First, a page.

6.4 which shows the obtained Kp and Ki values for each input. The response for x and y are illustrated in Figure

6.5 (a) and (b).

23

(a) (b)

Feedback control systems are difficult to comprehend from a qualitative point of view, and hence they rely heavily

upon mathematics [5, 6]. The root locus can be used to describe qualitatively the performance of a system as

various parameters are changed. For example, the effect of varying gain upon percent overshoot, settling time,

and peak time can be vividly displayed. For example, in designing gain to meet a percent overshoot requirement,

root locus requires the search of a radial line for the point where the open-loop transfer function yields an angle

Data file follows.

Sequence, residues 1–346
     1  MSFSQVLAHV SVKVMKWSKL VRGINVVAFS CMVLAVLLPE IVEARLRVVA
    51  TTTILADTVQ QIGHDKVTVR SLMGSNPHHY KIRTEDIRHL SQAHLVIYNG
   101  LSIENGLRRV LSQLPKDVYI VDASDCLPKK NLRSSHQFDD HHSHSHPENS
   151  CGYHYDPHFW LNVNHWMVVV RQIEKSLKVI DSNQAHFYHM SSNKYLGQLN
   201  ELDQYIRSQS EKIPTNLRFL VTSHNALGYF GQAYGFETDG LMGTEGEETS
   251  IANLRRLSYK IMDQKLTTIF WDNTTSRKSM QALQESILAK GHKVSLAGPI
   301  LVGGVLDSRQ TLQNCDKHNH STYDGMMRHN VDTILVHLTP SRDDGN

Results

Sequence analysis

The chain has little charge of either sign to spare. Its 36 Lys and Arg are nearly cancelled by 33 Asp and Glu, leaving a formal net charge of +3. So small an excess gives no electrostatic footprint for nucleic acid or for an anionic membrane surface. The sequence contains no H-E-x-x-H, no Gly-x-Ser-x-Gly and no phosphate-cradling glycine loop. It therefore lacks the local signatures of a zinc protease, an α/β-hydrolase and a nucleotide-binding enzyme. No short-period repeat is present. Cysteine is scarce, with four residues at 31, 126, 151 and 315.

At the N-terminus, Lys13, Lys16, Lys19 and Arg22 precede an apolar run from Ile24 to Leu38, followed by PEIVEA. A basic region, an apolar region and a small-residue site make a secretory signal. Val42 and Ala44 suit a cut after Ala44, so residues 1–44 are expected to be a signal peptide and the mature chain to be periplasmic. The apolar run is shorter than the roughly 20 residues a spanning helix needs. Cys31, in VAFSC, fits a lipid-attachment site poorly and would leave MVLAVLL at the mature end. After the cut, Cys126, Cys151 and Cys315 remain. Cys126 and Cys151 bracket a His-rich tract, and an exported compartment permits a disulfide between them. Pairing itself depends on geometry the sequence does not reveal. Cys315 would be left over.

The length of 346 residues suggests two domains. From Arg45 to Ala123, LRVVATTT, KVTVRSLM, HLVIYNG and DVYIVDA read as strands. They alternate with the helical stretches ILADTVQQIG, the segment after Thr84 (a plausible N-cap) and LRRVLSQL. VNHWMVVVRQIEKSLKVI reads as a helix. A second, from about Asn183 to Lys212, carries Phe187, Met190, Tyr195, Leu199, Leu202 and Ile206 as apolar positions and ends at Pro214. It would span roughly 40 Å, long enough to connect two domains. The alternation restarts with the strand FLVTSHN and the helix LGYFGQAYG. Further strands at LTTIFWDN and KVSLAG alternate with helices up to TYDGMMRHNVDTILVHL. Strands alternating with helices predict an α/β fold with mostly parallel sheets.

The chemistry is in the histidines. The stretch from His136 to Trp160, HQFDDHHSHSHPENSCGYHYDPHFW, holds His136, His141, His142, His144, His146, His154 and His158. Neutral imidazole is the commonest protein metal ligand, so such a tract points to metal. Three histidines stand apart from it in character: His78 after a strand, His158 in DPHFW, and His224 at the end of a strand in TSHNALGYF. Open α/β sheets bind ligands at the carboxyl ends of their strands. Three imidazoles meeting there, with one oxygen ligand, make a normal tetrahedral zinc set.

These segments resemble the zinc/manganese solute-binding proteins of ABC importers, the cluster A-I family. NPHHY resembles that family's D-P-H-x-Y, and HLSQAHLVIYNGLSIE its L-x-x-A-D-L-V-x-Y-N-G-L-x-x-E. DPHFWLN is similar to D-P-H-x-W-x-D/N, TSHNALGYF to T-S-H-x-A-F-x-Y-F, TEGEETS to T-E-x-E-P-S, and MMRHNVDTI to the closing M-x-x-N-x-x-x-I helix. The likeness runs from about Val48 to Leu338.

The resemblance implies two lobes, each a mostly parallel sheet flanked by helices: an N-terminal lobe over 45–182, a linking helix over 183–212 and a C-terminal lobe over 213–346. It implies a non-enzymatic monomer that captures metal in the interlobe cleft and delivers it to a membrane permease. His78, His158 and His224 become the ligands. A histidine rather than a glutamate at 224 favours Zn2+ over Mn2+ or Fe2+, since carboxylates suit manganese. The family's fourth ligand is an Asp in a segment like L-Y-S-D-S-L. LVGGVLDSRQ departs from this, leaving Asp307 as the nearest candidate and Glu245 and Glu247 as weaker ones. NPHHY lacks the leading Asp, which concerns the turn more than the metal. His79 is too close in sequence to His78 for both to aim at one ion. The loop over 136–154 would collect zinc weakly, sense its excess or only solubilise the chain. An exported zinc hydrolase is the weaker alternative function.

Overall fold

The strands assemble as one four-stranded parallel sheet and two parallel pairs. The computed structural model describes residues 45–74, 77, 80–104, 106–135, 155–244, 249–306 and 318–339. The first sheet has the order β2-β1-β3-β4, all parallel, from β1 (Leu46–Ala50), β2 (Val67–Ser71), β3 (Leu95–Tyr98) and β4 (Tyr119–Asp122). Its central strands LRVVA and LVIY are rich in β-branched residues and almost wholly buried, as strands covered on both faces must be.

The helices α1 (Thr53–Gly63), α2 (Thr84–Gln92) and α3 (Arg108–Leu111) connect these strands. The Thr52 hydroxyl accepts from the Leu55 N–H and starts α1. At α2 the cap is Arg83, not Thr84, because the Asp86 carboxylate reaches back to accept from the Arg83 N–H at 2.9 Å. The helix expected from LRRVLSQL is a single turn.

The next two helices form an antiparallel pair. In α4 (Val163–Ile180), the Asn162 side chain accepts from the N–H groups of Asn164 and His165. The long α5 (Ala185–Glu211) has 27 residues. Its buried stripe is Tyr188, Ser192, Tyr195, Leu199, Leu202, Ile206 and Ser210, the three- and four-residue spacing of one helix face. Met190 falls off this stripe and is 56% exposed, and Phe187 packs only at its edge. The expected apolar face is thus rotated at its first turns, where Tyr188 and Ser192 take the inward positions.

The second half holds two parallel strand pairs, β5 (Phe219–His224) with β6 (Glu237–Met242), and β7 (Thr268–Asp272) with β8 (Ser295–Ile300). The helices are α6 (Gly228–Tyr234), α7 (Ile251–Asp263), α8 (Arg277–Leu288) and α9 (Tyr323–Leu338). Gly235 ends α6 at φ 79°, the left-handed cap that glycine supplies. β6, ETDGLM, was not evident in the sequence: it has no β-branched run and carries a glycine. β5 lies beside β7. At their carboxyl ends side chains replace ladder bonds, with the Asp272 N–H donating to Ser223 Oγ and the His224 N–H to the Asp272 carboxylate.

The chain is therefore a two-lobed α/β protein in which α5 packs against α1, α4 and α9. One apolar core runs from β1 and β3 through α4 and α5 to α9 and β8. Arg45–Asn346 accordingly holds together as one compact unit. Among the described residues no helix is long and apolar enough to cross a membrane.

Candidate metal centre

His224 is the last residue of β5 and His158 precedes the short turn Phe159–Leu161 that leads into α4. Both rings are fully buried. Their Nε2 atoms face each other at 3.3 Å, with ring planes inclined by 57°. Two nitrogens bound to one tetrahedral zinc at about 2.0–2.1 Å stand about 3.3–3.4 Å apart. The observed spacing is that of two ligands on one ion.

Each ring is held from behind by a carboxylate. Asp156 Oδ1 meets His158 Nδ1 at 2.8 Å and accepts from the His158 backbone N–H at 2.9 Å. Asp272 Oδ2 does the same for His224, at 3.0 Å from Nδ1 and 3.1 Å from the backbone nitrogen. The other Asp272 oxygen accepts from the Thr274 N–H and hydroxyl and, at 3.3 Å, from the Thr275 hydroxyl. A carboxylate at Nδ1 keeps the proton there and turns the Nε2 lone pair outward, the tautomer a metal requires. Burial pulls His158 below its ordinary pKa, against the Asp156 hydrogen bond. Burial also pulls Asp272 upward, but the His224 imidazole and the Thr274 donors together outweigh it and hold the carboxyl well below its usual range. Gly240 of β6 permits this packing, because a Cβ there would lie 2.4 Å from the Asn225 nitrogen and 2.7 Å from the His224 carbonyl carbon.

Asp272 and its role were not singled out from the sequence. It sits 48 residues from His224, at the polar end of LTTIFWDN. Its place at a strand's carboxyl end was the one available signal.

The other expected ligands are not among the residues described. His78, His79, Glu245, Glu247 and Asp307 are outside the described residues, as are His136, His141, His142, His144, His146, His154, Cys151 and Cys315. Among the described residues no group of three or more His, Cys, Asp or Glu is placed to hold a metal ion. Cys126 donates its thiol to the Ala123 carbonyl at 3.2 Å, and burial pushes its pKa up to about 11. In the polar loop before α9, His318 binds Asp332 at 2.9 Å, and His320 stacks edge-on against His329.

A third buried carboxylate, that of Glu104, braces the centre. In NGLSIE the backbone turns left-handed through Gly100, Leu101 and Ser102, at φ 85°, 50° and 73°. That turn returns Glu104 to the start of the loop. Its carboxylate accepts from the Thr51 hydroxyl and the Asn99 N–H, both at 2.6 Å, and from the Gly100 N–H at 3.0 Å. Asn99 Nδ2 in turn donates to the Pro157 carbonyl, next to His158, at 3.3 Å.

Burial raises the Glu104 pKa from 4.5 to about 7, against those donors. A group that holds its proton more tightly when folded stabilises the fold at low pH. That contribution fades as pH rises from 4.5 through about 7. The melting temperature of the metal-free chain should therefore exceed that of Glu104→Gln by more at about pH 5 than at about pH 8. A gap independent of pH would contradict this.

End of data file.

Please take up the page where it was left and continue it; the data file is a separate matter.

of 180. To evaluate the range of gain for stability, root locus requires a search of the /w-axis for 180 [6]. It is this

representation of the paths of the closed-loop poles as the gain is varied that we call a root locus. The properties

of the root locus can be derived from the characteristic equation of the closed loop system:

KG(s)

s=

1 + KG(s)H(s)

The characteristic equation of the closed-loop system is 1 + KG(s)H(s) = 0. Thus a pole s exists when the CE

becomes zero at this point. Where (1) is represented in polar form 1 < (2k + 1). Alternately, a value of s is a

closed loop pole if:

|K(s)H(s)| = 1and < KG(s)H(s) = (2k + 1)

The root locus design was obtained using the Single Input, Single Output Tool in MATLAB which helps cotroller

design using interactive root locus and Bode plots for evaluating the gains for the required output.The objetctive

of the root locus control is to obtain the gains according to the Figure 6.6, response and gains for x and y are

illustrated in Figure 6.7 and 6.8 .

24

Figure 6.7: Root Locus plot for x response